I tried to apologize for yelling at my dad, but he still wouldn’t admit his role in any of it, or even say sorry.  He still pushed the blame back on to me, so I just went to bed.  (Now a few hours later, I realize that I tried to apologize but couldn’t because my dad wouldn’t admit he was wrong.  What kind of apology was I trying to make??)

Before turning out the light, I opened up a book I’ve been reading through recently–Child of Divorce, Child of God–and as I turned the page and began to read, I started to cry.  The author was abandoned by her father and knew that God was calling her to forgive him.  And as I read that, I knew that God was calling me to forgive my parents for not putting their marriage first, and for not trying harder.

I’m still working on it.  I wish I could say that I willed myself to forgive them, but I can’t just yet.

It’s been 8 years since I accidentally found the divorce papers.  I thought I was well adjusted to it–even grateful, to a certain extent, since family vacations (which we still do with both parents) are infinitely more pleasant now.  I was still blessed to have grown up in a (tumultuous) two parent household.  I’d seen the humanity in my parents and loved them still.  I’d found my identity in Christ alone, the great healer and restorer.  But it’s only now, as I’m beginning to look to marriage for myself, potentially inviting another person into my life, that I begin to realize just how many scars I have, and just how deep they run.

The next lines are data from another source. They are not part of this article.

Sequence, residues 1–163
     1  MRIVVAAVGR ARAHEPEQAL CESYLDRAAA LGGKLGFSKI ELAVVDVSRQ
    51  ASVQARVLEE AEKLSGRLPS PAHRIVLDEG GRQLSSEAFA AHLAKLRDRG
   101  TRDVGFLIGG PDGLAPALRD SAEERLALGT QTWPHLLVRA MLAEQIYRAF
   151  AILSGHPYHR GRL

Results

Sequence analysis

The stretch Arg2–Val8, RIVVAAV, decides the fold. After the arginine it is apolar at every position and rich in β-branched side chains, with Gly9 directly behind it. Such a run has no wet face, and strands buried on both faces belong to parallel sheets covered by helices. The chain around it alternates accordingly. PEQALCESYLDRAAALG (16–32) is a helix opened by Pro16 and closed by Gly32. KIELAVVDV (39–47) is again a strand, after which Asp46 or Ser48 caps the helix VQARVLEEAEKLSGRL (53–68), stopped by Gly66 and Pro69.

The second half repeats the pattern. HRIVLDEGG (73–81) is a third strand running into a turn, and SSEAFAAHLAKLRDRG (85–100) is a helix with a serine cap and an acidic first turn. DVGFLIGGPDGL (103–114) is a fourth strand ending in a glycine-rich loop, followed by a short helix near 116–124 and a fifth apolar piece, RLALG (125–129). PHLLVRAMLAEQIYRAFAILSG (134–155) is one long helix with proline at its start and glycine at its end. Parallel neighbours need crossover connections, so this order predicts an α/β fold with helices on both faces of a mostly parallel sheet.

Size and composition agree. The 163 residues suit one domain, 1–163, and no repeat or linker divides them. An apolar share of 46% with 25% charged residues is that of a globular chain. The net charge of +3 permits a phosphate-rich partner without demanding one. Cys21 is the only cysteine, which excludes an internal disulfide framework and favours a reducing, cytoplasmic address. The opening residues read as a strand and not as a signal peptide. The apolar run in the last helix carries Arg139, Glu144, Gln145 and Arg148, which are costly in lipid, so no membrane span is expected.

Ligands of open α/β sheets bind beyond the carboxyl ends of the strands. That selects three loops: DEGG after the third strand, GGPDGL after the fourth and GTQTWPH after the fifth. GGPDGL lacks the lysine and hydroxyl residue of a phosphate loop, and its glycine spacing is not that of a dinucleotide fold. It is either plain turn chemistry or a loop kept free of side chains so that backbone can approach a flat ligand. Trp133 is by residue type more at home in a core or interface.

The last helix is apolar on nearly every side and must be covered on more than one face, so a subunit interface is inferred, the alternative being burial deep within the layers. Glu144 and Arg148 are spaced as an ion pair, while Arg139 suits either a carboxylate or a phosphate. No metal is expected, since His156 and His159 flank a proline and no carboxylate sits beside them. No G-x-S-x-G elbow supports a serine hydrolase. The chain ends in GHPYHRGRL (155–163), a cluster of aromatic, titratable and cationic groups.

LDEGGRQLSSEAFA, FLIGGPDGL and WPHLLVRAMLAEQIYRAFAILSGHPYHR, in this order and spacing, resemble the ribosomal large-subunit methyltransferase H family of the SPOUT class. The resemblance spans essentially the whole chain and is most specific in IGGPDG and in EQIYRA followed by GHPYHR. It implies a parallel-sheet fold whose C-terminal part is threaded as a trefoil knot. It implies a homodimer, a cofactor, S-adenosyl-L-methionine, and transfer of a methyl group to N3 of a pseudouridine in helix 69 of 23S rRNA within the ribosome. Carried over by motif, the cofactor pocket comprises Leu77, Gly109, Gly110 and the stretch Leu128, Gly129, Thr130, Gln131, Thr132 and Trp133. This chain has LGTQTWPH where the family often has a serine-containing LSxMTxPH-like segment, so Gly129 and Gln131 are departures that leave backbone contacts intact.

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We know what injustice looks like.

With the verdict out on Trayvon Martin’s case, and a man walking free, there’s a cry for Justice. Race is powerful in today’s society, whether we choose to see it or not.  As an Asian American whose only language is English, I’ve had my AP English teachers ask me if English was my first language, I’ve had an elderly black woman ask where I’m from–no really, where are you from?, I’ve had people shout out “That’s how we do things in America!” as I’m crossing the street (whatever that even means…), and I’ve seen the news broadcast just last week that claimed the pilots of the crashed Asiana flight were “Ho Lee Fuk”, “Wi Tu Low”, and “Bang Ding Ow”.  Really, America?  You decide that a plane crash is an appropriate time to make a racist joke out of Asian names on broadcast television (as if there were ANY appropriate time for such behavior)?